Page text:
by Ellen Anderson, Lawyer, Barrie, Ontario. Published with the University of Toronto Press, 2001.
Bertha Wilson is the first woman to be appointed to the Ontario Court of Appeal. She is the first woman to be appointed to the Supreme Court of Canada at that critical moment when the Charter was entrenched. Nevertheless, Bertha Wilson has never considered herself to be a feminist. But neither has she ever backed off from controversy, a reputation sustained in this authorized intellectual biography. The early Charter years were turbulent times. Wilson is remarkably frank about the many issues affecting judicial decision-making as the Court struggled with Charter interpretation. In this intriguing biography, we come to understand what drove the sense of duty impelling Wilson to take on so extraordinary a burden of dissents and concurrences.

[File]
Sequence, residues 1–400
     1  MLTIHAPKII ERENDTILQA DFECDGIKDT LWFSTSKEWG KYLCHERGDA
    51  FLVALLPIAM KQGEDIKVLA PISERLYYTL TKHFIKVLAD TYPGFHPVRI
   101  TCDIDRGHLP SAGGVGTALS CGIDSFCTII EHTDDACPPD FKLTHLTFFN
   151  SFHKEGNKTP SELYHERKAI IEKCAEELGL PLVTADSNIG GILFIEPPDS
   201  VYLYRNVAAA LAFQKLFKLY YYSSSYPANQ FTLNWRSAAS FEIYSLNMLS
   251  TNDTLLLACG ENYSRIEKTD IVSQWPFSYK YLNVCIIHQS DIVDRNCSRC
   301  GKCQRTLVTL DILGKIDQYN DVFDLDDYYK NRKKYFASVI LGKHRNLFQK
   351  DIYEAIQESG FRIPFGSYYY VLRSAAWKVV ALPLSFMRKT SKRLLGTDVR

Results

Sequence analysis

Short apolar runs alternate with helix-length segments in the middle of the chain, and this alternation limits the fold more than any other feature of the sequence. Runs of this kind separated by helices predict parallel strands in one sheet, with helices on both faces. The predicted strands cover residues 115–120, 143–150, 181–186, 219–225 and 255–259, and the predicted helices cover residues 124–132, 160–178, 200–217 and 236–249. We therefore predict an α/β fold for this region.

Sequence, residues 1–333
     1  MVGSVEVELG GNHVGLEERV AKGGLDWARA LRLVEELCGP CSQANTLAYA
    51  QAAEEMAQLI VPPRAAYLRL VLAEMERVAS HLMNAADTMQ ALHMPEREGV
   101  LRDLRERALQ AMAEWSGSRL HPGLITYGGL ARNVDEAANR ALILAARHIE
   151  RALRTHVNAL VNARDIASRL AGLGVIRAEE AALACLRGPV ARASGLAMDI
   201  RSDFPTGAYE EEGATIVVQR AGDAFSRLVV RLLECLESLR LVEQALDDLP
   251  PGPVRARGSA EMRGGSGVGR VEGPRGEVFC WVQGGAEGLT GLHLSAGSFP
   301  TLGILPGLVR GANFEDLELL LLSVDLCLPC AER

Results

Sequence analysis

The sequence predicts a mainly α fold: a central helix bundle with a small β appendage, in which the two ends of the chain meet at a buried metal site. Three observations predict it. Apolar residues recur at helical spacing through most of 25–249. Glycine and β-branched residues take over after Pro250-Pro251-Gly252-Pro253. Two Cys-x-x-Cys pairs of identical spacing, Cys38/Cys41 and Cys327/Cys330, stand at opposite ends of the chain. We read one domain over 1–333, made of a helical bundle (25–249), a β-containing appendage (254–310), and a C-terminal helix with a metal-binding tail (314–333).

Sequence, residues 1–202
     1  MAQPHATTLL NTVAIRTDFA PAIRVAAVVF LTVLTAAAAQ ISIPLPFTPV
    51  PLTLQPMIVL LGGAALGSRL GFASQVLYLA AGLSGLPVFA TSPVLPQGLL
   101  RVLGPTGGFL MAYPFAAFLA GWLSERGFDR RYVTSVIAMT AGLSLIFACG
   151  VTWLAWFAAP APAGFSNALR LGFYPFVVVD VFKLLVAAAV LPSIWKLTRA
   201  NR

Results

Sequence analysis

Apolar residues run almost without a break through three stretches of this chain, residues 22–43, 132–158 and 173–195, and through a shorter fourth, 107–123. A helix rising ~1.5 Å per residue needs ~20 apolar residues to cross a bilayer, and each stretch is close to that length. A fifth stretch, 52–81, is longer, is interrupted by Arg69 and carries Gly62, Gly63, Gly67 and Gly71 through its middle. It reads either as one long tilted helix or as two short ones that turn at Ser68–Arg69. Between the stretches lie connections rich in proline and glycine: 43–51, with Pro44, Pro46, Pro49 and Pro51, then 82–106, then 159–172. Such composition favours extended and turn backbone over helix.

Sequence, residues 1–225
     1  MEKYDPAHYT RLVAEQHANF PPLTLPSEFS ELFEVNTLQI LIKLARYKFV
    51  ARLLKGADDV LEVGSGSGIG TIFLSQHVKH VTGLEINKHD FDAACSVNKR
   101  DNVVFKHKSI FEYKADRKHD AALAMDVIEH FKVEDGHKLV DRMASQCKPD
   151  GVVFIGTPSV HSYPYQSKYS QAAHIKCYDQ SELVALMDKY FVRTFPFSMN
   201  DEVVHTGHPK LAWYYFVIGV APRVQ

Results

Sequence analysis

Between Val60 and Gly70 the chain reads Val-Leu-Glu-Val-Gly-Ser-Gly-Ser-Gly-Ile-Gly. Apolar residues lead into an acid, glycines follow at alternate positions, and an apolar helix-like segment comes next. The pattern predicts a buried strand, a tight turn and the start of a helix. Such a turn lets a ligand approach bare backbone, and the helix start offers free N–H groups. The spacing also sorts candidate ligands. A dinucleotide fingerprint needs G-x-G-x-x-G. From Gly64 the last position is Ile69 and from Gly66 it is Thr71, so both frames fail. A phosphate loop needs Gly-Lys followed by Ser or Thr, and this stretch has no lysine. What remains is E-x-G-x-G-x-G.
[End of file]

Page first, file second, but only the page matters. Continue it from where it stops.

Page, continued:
The Bertha Wilson story begins with her Scottish values and experiences and it concludes with her gruelling years on the Royal Commission on Aboriginal Peoples. Before judging, Wilson said, a judge must “enter the skin.” Seen from an intimate and even affectionate perspective, there can be no doubt Bertha Wilson is one judge who really did make a difference.